4. What's the most recent significant leadership lesson you've learned?

Create a good culture, surround yourself with a great team, foster open communication, and get people excited about what they are working on. This is a lesson I learned at an early stage in my career, and it always proves to be right. As a CTO I’m trying to listen to the concerns and challenges of my team. We have CTO time, where I meet with the individuals of the team in rotation and listen to what they have to say, what they would like us to improve, and what we are doing well, and frequently catch up meetings with the individual teams. It is important to be present for your team and show that you care, the more you give the more you get.

5. What's one book that has had a profound impact on your leadership so far? Can you please briefly tell the story of how that book impacted your leadership?

The Wolf in CIO's Clothing by Tina Nunno, 2015.
The book analyzes Machiavellian tactics that a technology leader must excel in. The book helped me better understand that as a leader I need to know how to adapt, understand how to balance, and adjust my leadership style under different situations in order to thrive.

6. How do you build leadership capacity in a large enterprise?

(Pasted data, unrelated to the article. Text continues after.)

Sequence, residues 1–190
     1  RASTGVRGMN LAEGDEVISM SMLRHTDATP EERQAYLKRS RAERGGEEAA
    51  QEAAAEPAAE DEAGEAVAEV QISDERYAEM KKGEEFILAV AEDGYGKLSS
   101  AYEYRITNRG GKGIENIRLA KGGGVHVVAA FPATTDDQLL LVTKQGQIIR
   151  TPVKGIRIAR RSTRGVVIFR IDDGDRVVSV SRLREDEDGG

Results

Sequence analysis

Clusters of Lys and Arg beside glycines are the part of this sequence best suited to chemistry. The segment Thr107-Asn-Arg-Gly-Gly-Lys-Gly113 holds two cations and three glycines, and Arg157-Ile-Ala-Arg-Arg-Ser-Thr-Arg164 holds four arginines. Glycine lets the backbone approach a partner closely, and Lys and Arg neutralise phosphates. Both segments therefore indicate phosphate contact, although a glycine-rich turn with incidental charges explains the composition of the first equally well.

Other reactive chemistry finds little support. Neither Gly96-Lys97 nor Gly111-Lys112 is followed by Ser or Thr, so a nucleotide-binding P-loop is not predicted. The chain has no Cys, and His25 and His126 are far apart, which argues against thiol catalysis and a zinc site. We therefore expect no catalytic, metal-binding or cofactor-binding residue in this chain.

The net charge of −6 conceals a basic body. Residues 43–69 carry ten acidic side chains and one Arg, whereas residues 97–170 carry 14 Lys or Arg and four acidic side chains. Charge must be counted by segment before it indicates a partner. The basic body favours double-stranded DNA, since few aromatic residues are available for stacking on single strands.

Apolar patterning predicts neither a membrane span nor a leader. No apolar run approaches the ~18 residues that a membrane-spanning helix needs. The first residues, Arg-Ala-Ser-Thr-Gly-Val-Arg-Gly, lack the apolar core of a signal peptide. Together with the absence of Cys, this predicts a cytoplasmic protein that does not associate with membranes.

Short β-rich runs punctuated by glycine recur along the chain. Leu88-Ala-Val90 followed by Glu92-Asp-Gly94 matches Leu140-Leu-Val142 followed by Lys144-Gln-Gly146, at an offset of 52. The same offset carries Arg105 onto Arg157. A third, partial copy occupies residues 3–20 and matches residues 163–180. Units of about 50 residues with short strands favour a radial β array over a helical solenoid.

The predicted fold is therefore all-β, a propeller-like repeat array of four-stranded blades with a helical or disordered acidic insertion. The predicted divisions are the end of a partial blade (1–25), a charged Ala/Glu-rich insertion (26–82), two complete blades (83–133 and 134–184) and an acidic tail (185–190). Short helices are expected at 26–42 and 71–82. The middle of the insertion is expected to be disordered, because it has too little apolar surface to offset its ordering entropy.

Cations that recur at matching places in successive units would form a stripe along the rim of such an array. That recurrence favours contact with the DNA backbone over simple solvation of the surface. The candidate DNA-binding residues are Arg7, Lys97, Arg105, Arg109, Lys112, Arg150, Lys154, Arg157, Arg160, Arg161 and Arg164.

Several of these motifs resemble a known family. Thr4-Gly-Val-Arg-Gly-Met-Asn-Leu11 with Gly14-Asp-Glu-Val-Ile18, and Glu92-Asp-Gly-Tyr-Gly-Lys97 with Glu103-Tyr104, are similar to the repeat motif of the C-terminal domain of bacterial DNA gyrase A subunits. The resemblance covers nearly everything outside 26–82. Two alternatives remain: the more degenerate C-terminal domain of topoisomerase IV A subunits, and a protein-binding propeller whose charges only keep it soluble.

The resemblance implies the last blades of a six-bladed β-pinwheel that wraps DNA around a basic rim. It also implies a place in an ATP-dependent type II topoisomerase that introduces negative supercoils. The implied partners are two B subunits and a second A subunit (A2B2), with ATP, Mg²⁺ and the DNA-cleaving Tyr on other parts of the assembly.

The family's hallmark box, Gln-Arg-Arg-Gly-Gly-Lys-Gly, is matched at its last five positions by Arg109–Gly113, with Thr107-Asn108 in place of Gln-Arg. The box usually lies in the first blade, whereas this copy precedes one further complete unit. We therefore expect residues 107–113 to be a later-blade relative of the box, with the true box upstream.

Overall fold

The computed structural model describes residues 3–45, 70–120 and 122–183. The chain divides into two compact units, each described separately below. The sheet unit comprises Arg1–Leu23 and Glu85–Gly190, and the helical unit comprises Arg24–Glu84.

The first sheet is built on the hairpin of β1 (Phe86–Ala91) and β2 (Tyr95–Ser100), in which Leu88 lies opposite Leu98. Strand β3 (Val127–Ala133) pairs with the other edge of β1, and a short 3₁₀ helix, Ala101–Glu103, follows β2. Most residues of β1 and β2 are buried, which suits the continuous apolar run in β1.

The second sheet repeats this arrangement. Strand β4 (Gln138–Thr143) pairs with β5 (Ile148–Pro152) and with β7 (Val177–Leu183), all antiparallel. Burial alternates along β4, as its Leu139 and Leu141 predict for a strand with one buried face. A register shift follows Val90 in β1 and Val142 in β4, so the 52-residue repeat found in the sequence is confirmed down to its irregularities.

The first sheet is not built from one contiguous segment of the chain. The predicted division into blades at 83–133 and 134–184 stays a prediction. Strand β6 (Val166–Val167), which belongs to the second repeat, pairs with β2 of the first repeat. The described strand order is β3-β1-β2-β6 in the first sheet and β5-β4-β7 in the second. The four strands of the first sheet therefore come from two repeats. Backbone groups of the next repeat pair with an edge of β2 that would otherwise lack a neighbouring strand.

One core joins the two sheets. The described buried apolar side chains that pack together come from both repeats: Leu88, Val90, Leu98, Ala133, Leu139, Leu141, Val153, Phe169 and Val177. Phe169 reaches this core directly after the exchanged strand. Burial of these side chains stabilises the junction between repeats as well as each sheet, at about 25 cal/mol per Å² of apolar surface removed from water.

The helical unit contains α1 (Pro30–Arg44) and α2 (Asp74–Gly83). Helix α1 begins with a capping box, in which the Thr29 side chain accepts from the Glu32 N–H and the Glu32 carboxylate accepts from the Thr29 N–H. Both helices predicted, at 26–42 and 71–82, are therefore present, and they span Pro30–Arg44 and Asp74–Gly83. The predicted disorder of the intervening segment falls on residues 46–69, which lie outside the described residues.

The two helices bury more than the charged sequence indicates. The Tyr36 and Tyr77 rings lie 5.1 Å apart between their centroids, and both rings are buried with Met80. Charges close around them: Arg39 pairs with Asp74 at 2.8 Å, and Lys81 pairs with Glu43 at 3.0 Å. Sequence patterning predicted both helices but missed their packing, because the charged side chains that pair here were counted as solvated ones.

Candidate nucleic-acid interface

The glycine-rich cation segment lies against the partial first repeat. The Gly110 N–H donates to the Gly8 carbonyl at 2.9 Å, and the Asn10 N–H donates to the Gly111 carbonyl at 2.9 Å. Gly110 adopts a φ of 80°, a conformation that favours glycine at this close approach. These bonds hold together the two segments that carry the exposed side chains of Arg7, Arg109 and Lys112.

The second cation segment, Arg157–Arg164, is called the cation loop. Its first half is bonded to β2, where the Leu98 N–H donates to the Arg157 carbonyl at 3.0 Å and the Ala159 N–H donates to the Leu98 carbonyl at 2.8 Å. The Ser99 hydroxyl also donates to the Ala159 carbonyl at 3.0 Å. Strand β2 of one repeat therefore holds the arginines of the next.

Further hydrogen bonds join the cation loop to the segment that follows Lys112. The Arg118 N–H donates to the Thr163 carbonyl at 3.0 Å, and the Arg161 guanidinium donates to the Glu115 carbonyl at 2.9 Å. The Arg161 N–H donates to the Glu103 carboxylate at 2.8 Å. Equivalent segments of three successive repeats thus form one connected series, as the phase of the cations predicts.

It starts with getting a deep understanding of yourself and the people you work with. Each individual in my team has his/her own set of strengths. As a leader, I need to be able to identify those strengths, utilize them in the team, and help them work on areas that need improvement. Encouraging personal development goals is at the core of building leadership capacity. We run a quarterly performance evaluation inside my technology organization with frequent 1-1 meetings where I provide feedback to my direct reports and set goals on areas that they want to improve, and ensure to provide them with the resources needed to meet them. At the same time, I challenge my team to think bigger, reflect on our performance, productivity, quality on a frequent basis, and have discussions about raising our own bar, and becoming better at what we do.

7. What is one meaningful story that comes to mind from your time as a CEO or executive of a large enterprise so far?

Our journey of navigating the Covid-19 pandemic comes to mind. At first the healthcare crisis it presented itself as a major hindrance, but then we took it on, and looked for opportunities where we as a team and a company can help the community and healthcare as a whole.
We launched a number of new products such as Telehealth, Home Visits, and ePharmacy in less than 2 weeks into the pandemic, to deliver better accessibility to healthcare for our patients. Working remotely was first perceived to be a con, but turned out to be a blessing in disguise because of increased hyper-productivity. People spending more quality time with their families, and not spending time commuting has made the team members happier, and more relaxed. Now after the whole world has responded and adapted, we have permanently changed how we work with a hybrid telecommuting model with our distributed teams across nations and continents.